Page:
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The only study to assess prevalence of dementia in elderly in Sri Lanka has reported a prevalence of 3.98% in a semi urban population. There is no data on prevalence of cognitive impairment and depression for hospitalized elderly patients, which is a major shortcoming in geriatric care.
We conducted a preliminary study to assess cognitive impairment and depression in a sample of geriatric patients presenting to the University Medical Unit of the National Hospital of Sri Lanka (the premier tertiary care hospital of Sri Lanka). This prospective study included all patients over 65 years, who were admitted over four weeks. The Mini Mental State Examination (MMSE, 30 items) and the geriatric depression scale (GDS) were used to screen for cognitive impairment and depression respectively.
We enrolled 100 eligible patients to the study [mean age: 71.1 years (standard deviation–6.324), (male 51%, female 49%)]. The percentages of gender and ethnicity did not differ significantly from the population average (P>0.05). On GDS, Thirty one patients (31%) scored less than 5 (depression unlikely) while 34 (34%) scored within 6-10. Thirty five (35%) had scores ≥11 (depression very likely) (mean: 7.81, SD - 4.22). In assessing cognitive impairment, adjustments were made to the scoring of MMSE considering the norms for Sri Lankan elderly and level of education. There were 24 (57.1%) people out of 42 who had not received a secondary education scoring less than 23 (sensitivity 86%, specificity 73%). Thirty two (55.2%) from 58 people who had a secondary education scored at or below 23 (sensitivity 71%, specificity 100%).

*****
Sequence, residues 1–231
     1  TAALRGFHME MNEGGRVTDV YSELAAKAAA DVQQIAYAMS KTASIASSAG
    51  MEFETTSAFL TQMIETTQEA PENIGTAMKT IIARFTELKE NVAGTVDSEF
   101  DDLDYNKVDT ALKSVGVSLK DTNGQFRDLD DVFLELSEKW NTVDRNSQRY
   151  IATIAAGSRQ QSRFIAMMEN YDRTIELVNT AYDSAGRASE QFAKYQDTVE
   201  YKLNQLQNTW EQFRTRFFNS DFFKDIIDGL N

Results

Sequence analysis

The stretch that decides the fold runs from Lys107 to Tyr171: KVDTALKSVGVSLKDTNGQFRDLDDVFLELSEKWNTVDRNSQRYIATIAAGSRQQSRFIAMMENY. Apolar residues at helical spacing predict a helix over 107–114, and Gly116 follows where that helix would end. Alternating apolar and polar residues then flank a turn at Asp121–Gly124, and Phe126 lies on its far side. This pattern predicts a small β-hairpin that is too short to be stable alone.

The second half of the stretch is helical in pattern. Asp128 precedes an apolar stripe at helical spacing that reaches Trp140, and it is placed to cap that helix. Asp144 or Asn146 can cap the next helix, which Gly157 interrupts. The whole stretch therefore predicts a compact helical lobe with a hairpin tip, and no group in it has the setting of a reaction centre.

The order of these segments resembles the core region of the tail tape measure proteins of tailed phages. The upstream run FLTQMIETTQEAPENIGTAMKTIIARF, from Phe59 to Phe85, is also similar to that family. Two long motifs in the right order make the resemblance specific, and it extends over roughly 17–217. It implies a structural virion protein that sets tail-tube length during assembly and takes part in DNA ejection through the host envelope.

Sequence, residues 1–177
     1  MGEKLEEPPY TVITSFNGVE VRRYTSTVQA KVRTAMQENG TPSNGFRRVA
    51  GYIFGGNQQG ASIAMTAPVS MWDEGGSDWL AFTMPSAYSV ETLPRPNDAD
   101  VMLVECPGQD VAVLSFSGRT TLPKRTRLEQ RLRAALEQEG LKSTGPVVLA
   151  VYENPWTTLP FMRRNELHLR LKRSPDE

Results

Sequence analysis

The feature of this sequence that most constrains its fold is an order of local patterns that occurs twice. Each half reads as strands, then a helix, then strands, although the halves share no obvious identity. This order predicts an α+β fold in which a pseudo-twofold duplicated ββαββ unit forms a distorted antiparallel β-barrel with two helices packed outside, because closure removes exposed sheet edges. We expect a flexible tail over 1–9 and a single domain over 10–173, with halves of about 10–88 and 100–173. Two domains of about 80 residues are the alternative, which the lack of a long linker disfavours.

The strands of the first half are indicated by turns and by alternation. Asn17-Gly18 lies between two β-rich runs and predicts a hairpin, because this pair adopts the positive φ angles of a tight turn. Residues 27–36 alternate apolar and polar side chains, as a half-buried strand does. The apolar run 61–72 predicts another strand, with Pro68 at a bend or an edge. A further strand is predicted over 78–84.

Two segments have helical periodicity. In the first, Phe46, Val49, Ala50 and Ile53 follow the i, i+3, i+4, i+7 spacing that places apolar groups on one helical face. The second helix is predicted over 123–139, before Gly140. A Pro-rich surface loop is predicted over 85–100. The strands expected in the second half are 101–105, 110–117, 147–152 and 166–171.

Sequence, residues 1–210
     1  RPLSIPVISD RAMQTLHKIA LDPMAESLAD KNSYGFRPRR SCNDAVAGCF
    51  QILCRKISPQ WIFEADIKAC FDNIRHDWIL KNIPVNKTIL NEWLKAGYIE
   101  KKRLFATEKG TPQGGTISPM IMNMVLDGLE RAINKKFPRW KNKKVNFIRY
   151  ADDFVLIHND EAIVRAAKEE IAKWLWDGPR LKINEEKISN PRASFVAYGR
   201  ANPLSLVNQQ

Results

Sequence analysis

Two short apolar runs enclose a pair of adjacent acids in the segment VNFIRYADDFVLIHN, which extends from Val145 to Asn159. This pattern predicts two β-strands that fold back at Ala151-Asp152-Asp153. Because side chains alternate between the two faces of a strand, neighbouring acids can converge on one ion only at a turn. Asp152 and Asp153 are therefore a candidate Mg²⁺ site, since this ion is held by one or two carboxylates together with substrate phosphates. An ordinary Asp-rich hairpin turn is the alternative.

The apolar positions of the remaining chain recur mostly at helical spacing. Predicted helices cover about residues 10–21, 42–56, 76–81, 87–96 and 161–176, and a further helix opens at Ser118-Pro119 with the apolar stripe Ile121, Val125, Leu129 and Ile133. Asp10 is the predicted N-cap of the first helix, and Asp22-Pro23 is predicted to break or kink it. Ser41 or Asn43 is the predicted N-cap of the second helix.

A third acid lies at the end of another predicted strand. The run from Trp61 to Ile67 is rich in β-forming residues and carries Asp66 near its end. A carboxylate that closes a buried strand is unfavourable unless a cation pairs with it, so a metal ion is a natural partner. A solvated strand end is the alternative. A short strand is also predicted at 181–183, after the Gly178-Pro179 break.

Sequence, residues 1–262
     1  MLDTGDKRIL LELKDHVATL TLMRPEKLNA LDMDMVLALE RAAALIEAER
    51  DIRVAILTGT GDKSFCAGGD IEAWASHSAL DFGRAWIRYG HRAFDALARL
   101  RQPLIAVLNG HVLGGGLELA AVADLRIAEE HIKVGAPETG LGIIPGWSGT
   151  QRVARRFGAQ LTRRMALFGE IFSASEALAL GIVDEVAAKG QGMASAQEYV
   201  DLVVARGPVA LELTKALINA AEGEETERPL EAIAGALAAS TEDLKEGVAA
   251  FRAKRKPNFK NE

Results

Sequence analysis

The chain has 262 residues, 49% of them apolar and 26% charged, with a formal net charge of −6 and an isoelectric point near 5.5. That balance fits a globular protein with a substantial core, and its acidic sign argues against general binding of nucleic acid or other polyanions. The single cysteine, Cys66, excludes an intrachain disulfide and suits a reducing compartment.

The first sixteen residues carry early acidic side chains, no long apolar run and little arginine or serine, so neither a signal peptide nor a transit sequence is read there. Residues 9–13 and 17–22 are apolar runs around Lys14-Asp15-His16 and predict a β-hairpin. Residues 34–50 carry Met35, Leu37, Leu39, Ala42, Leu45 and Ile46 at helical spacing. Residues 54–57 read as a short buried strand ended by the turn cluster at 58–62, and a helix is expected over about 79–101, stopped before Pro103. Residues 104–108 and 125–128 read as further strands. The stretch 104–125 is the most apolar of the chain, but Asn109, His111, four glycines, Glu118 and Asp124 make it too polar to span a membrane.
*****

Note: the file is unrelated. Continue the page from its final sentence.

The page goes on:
We also assessed the impact of educational level and social support on cognitive impairment with a statistical model. It was hypothesized that better education and family support will protect against cognitive impairment. However (holding age and gender constant), the cognitive impairment did not correlate with either factor, alone or in combination (UNIANOVA, P>0.05).
These observations raise two issues;
The symptoms of depression may be due to illness itself. Yet it underscores the lack of psychiatric input in medical wards as none of these patients were referred to a psychiatrist. The second observation may be due to:
The findings of this preliminary study are significant and indicate the